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TIPS FOR GUYS WHO WANT TO BELLYDANCE (AND GALS, TOO)
4. Be consistent and always do your best
Yes, I realize the irony of recommending consistency the week after I skipped this blog. I may have made the wrong choice, taking the week off sharing my belly dance thoughts, but I felt it was my best choice to stay consistent with all my creative projects. Let me explain.
After moving Starbelly’s dance studio somewhat unexpectedly the week before, I was exhausted, but needing to prepare for our first week of Fall classes and our Art in the Park performance the following weekend. It was difficult to find time to rest. I still planned to post a blog I had written in advance, it just needed some work before it was ready to post. Before I found the chance for that work, though, Duke, my usually pushy and talkative 13-year-old husky suddenly started falling down, unable to get up by himself. Exhausted physically and emotionally, I couldn’t get my planned blog (Think About What You Eat) to sound anything but preachy. That’s not what I wanted to share, so instead I conserved my energy to make sure our classes and performances didn’t suffer and that I would be in the best frame of mind to make decisions about my dog’s health.
As a dancer, it is important to train consistently. Sometimes it is simply impossible, however, to put in the dance time that feels necessary for my personal growth. Life often has a way of demanding that I make difficult choices about how I spend my time. Committing to a training schedule isn’t easy, but it is always rewarding. When I have to miss class or rehearsal, I always plan on making up that time as best I can. It is impossible to duplicate the benefit of practicing with a group by myself, but if listening to the music and visualizing the dance is all I can find time for, I make sure I find that time! And that is where I want to bring up one of Miguel Ruiz’s Four Agreements, “Always Do Your Best”. My best doesn’t always look exactly how I would like. Sometimes my best has been sitting in the back of class only moving my arms, or just watching. I am not talking about the “give me 110%”, “leave it on the field” competitive sports best, because in my experience that usually leads to injuries. Doing my best involves having the self-awareness of knowing my own limitations so that I can push those limits in healthy ways that build me up rather than break me down. And those limits do need to be pushed if I hope to continue to grow as an artist.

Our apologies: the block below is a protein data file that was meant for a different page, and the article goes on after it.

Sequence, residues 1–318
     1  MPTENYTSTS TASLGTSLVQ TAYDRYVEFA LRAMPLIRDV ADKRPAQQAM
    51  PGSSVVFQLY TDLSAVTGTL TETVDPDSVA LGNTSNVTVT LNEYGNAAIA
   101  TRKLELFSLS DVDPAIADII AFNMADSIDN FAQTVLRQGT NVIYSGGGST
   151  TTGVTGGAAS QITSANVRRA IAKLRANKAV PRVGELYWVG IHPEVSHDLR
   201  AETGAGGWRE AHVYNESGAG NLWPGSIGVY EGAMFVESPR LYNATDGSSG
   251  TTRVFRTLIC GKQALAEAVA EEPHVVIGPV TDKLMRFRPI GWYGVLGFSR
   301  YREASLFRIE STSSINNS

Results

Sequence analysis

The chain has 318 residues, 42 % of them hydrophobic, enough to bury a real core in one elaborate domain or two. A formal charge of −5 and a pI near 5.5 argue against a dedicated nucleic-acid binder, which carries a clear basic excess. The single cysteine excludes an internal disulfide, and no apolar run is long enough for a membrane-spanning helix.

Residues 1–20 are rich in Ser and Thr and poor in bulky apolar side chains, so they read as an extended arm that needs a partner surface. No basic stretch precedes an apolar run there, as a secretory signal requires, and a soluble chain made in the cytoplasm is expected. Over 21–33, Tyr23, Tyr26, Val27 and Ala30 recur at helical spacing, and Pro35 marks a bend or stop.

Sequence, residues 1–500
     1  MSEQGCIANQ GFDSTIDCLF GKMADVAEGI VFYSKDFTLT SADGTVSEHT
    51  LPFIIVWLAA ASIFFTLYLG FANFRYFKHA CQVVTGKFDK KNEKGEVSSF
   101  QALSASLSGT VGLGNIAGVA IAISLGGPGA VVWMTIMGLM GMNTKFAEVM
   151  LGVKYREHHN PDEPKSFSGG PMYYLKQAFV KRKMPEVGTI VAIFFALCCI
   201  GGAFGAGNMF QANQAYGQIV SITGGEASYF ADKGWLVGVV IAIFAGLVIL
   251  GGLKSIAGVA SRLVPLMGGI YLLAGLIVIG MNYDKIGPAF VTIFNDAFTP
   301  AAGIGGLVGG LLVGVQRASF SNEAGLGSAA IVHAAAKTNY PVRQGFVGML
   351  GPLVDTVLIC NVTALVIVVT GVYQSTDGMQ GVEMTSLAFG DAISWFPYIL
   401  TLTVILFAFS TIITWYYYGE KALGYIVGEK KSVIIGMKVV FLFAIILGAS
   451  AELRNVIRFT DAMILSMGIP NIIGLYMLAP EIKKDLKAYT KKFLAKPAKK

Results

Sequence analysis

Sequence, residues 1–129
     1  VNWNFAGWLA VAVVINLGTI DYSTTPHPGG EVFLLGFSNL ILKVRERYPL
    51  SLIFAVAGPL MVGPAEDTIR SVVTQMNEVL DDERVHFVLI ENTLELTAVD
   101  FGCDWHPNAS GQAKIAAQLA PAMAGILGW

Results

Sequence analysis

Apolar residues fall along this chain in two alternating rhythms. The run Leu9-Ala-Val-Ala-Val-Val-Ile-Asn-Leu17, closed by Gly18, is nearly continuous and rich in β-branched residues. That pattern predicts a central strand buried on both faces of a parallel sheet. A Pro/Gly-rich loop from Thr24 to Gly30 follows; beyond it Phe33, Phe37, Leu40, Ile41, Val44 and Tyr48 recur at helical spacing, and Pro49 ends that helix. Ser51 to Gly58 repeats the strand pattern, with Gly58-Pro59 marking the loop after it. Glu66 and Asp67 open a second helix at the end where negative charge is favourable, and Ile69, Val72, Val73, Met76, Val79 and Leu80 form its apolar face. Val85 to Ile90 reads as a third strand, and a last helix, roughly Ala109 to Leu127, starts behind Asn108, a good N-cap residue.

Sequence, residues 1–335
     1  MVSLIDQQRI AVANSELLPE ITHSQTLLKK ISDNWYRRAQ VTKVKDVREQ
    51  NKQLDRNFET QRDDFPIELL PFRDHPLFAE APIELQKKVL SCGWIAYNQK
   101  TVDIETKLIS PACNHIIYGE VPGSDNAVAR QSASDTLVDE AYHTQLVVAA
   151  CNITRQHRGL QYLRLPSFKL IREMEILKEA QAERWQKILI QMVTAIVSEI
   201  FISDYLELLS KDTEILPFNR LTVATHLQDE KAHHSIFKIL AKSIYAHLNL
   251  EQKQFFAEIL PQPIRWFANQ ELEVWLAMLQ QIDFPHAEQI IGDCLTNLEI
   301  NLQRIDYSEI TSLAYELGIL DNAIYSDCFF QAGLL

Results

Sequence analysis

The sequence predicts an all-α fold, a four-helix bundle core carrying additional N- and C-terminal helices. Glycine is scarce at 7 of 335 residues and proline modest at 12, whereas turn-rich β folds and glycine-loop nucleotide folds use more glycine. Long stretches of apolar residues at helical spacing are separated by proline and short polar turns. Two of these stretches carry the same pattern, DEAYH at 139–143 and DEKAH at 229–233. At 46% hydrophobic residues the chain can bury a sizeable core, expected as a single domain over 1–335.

The delicate balance that needs to be struck is not beating myself up when my best isn’t as impressive as I would like, but also not letting myself settle for less than my personal best. The best way I can find that balance is to regularly check in and remind myself what my priorities are and what I hope to accomplish. With those personal priorities in mind, it is a bit easier to stop feeling disappointed in myself and instead start making a plan for how my best can get better.
4. Be consistent and always do your best
By the way, Duke had some kind of infection that made his back leg swell up, don’t know what caused it, but it was treated with anti-biotics and laser therapy and he is back to his wonderfully bossy, underfoot self.